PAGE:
There has been much talk in political circles about the increasing strength of the NZ$ is and its affect on New Zealand’s current account deficit. Labour, NZ First, and the Greens have all being calling for a change to the monetary policy framework – less of a focus on inflation and more on the exchange rate. Brian Fallow of the NZ Herald referred to it as a King Canute-like to imagine in such times that the New Zealand monetary policy settings, or the framework in which the central bank operates, make a difference to the NZ dollar. Cutting the Official Cash Rate (OCR) in a bid to lower the value of the NZ$, making exports cheaper and imports more expensive, would be something that markets would see through and expect to be reversed, and could prove counter productive. Those who say that the main focus of the RBNZ should still be inflation believe that policy be directed to variables that we have some control of i.e. supply-side policies geared to improving New Zealand’s productivity and competitiveness in global markets.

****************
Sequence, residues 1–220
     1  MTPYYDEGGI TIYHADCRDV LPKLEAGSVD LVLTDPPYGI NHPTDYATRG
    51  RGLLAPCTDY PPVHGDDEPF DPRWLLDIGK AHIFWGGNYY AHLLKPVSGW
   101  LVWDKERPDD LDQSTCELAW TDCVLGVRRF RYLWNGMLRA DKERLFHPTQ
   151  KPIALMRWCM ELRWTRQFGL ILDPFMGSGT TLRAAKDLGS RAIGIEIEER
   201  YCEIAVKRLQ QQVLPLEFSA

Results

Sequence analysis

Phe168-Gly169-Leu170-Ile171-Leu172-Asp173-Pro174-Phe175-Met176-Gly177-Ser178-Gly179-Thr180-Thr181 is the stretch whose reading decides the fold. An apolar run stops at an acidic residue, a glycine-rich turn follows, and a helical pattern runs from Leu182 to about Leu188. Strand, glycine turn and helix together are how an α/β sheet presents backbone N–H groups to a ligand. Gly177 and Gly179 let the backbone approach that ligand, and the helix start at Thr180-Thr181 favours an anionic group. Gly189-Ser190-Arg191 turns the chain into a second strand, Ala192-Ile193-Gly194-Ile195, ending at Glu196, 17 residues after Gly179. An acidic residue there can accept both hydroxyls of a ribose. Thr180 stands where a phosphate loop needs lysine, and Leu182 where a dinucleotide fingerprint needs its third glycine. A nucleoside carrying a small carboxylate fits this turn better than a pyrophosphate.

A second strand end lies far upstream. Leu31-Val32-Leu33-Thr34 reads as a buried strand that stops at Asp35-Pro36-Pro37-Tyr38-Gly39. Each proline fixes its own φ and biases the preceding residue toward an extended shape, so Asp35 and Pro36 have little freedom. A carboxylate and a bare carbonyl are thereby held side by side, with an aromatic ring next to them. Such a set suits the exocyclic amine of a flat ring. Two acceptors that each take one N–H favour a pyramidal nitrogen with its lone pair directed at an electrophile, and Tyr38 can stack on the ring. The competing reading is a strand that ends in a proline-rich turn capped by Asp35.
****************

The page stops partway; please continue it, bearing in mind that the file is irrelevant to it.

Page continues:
What does determine the value of the NZ$
The NZ$ is deteremined a whole range of variables at different times of the growth cycle in New Zealand and in overseas markets.
* Interest rate differentials – hot money – money which is borrowed at cheap rates overseas and then invested in a currency that has relatively higher interest rates.
* Commodity prices – primary products (priced in US$) – with higher prices this means more US$ have to be converted into NZ$ which increases the value of the NZ$
* Quantitative Easing by economies – US now has implemented QE3
* Risk mentality in financial markets – when the major markets are bouyant they regain their eagerness for more risk and invest in currencies like the NZ$
* International events – with the ease of moving money globally events such as wars, oil prices, exchange rates policies of larger nations lead to more unstability in foreign exchange
* NZ$ appreciates against the AUS$ to news that the Australian economy is stronger than previously anticipated and vice-versa.
However, as Brian Fallow pointed out, the exchange rate is not just about exports and imports but the gap between investment and saving. The more we rely on importing the savings of foreigners, the more demand there is for NZ$’s the stronger it becomes.